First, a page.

Artificial Intelligence: What's Trust Got To Do With It?

Artificial Intelligence: What's Trust Got To Do With It?

Assistant Professor Danushka Bandara, PhD, working with students to collect brain data using sensors.

Assistant Professor Danushka Bandara, PhD, working with students to collect brain data using sensors.

If good relationships between humans are all about trust, can the same be said about the relationship between humans and machines?

Having trust, or confidence, in a device’s reliability is essential as AI renders computers more capable of acting as intelligent agents. Understanding the role of trust will help manufacturers guide the evolution of artificial intelligence (AI) systems. After all, if consumers don’t trust a device, they are unlikely to buy it.

Assistant professor of computer science and engineering Danushka Bandara, PhD, is on a mission to measure that trust — specifically between people and their artificial intelligence (AI) controlled devices — with the goal of improving it.

“Our AI systems examine data, images, or other input, then make a decision based on the internal model that they have,” said Dr. Bandara. “Humans look at the results and have to decide if they are willing or not to accept that decision. For example, there are systems that can determine if an image is authentic or has been modified. Trust means that I am willing to accept what the AI system tells me about that image.”

Since “trust” is subjective, Dr. Bandara, along with biomedical student Robert Dillon ’24 and electrical engineering student Noor Khattak ’24, have created an experimental design project using biometrics to measure trust in an objective manner. In their experiments, eye trackers, heart rate sensors, galvanic-skin response sensors and body temperature readouts all take note of a subject’s physiology and behavior when interacting with an AI assisted device.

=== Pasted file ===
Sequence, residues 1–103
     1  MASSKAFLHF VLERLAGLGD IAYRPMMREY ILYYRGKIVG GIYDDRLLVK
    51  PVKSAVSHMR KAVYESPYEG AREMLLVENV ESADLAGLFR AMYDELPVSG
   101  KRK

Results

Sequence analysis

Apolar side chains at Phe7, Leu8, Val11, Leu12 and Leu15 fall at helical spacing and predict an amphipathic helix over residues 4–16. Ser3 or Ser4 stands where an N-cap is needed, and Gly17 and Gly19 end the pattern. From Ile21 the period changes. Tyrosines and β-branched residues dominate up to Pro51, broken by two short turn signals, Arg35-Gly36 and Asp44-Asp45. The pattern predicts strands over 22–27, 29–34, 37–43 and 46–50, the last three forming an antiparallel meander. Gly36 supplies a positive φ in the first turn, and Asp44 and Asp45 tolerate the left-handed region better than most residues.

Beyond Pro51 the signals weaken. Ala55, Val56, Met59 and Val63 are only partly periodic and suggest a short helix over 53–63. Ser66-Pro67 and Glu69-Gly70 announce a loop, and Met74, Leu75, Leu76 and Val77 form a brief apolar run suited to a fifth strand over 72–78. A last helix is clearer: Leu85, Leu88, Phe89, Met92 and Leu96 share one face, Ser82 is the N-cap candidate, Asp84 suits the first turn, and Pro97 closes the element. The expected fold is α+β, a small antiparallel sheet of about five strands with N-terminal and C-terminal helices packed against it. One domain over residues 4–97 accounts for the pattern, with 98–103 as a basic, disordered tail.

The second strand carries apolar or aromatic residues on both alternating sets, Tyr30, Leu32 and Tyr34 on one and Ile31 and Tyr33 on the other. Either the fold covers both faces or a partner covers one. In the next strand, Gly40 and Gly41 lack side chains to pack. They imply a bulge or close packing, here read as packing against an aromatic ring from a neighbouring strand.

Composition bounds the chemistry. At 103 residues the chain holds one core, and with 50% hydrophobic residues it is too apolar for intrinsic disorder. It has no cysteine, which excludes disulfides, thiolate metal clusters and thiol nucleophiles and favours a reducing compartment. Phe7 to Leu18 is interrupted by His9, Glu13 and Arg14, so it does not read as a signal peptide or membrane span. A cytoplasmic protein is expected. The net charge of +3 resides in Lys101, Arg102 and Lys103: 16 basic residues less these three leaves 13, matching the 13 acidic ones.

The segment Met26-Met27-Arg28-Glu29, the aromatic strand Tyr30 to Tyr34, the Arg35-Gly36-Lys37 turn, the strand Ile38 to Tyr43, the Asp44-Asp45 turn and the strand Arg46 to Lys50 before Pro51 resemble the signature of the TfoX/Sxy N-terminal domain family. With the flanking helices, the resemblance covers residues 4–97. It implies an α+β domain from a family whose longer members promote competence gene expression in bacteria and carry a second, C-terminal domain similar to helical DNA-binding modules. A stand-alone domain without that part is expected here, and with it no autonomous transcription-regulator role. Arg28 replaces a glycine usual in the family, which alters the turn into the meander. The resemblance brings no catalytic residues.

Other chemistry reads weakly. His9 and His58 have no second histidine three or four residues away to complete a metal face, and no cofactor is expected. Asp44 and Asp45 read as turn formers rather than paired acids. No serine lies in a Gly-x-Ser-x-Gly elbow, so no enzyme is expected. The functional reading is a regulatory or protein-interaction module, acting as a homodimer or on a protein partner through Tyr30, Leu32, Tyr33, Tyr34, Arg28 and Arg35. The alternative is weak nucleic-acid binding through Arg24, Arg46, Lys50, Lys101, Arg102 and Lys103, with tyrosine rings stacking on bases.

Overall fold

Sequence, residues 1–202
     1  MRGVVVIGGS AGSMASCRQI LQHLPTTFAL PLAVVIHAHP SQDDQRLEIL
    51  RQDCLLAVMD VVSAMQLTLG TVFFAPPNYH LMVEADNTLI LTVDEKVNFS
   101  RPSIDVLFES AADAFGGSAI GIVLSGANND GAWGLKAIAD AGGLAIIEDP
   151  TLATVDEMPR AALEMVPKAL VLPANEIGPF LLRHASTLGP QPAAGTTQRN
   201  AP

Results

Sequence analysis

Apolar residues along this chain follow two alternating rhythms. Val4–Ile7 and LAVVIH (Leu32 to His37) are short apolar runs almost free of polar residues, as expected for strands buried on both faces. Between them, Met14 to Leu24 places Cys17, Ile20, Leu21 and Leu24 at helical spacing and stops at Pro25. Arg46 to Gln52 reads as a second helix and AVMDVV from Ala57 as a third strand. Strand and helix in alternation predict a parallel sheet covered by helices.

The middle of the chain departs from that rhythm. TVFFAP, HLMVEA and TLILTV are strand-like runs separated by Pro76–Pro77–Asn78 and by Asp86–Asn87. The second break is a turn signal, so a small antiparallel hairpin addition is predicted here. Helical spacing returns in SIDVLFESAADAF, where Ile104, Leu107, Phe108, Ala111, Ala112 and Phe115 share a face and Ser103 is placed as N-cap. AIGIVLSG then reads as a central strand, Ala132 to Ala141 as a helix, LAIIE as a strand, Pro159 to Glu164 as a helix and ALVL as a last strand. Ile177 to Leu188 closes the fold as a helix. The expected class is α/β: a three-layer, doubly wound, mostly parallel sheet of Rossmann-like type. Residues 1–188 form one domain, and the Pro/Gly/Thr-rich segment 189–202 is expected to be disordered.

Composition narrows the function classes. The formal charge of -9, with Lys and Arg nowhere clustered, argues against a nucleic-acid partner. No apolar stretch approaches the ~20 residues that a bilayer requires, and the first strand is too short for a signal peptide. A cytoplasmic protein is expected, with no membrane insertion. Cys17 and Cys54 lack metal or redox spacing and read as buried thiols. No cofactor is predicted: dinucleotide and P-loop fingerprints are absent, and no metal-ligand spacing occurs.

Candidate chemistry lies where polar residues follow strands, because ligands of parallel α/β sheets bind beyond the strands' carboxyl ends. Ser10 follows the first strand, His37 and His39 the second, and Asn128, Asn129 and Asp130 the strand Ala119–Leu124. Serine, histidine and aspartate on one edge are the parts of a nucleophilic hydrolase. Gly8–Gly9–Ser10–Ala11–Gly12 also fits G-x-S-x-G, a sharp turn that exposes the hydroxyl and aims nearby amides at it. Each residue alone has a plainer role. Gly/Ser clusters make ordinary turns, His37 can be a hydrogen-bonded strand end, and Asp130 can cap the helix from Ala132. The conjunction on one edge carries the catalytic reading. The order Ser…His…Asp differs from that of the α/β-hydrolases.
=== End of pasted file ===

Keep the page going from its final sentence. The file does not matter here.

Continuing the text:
The team uses PsychoPy, Vs Code, NIRx, and Tobii Pro Eye Tracking for their experiments. They collect data from subjects through eye movement, brain activity detection, button clicks, and response time detection. The subjects are also asked a series of questions and shown images in order to test their trust in the AI system.

“The fusion of these sensor data allows me to measure how human-AI trust develops, then eventually propose ways to improve it,” Dr. Bandara said.

The team is also examining whether an AI device seems more or less trustworthy depending on how it presents data. For example, might a driver be more likely to trust a self-driven car if he could view a dashboard panel that shows what the car is detecting, rather than a blank screen? Would a surgeon using an AI assisted device feel more comfortable if she saw data confirming that the device operated with 95.6 percent accuracy?

“If the driver understands why the car is slowing down or changing lanes, he or she is more likely to have confidence in that AI system,” said Dr. Bandara, adding that the results of his research can be applied to many fields, from self-driving cars to virtual assistants such as Alexa or Siri, and to healthcare systems.

Besides working under the guidance of Dr. Bandara to develop and conduct AI experiments, Dillon and Khattak are writing a paper for publication later this year.

Tags:  School of Engineering and Computing

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